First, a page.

Country: Guatemala / others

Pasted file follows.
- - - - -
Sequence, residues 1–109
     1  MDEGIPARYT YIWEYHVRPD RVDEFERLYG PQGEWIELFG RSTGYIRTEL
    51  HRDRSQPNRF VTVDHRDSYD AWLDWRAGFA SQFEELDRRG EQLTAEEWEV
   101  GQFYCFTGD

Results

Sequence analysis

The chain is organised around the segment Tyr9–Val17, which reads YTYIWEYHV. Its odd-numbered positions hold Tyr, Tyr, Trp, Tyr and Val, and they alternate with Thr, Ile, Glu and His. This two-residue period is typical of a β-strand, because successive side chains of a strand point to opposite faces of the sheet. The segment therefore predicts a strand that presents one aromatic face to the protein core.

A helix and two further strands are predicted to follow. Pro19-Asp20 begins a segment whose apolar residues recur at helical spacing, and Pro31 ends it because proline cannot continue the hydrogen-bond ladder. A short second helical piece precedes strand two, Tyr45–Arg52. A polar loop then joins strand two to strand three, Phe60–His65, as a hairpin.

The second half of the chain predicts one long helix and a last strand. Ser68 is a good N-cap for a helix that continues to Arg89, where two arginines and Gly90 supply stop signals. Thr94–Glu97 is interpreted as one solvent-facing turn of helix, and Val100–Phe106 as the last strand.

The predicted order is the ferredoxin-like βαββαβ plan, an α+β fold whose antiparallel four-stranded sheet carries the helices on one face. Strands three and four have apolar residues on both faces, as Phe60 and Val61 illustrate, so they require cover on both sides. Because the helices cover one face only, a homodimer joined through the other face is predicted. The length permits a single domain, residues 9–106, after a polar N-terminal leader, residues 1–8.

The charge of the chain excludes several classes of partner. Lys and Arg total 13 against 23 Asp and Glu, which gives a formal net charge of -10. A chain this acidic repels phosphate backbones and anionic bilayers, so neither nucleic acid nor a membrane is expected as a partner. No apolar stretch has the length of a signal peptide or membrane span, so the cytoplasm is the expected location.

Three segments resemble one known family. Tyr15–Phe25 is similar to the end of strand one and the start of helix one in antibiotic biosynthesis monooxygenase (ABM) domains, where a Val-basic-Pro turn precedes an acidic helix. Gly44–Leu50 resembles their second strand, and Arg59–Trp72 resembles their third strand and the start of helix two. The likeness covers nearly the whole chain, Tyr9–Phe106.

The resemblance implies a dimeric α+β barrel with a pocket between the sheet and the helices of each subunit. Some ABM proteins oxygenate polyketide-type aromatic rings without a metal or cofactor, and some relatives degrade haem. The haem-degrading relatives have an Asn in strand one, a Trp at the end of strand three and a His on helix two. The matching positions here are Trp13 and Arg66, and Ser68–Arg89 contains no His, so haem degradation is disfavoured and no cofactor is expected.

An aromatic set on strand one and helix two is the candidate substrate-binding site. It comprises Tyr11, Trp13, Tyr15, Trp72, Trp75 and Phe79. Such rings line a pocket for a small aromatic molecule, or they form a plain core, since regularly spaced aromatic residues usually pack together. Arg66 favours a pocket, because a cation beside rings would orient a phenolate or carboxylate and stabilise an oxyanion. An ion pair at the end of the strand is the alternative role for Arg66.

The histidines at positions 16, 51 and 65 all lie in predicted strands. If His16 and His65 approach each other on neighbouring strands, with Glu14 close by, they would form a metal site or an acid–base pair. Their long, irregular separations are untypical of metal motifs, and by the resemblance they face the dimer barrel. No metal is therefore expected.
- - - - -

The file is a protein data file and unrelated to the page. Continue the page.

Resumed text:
Movie Review: The first feature film by Spanish director Diego Quemada-Diez, “The Golden Dream”, follows the same lines adopted by Cary Fukunaga’s “Sin Nombre”, becoming less stereotyped and considerably more appealing than that one. The film centers in three Guatemalan adolescent friends who join efforts and embark in a perilous illegal journey on train, and later on foot, towards the US border. Juan, Sara and Samuel leave their slums, just to be busted and robbed by Mexican migration forces. Sent to the point of departure, Samuel decides to stay, but Juan and Sara, well accompanied by a loyal Indian boy called Chauk, decide to try again. There’s some crispation between the two male protagonists, once they dispute Sara who travels disguised of a boy. Along the way, a lot of misery is seen - human trafficking, exploitation, and kidnaps for ransoms are a constant danger. The destinies of each one of them will differ but even those who make it through the border, attaining the so expected golden dream, aren’t free from disillusion. The solid camera work wasn’t a surprise, since Quemada-Diez is a former camera operator; the real surprise came from the incredible performances by the young actors, all of them non-professional, and worthy of the A Certain Talent prize for the ensemble at Cannes. Apart from the authenticity felt, “The Golden Dream” better achievement was to expose a powerful sad story without resorting to sentimentality. A great debut by a newcomer director/writer from whom we expect awesome things in the future.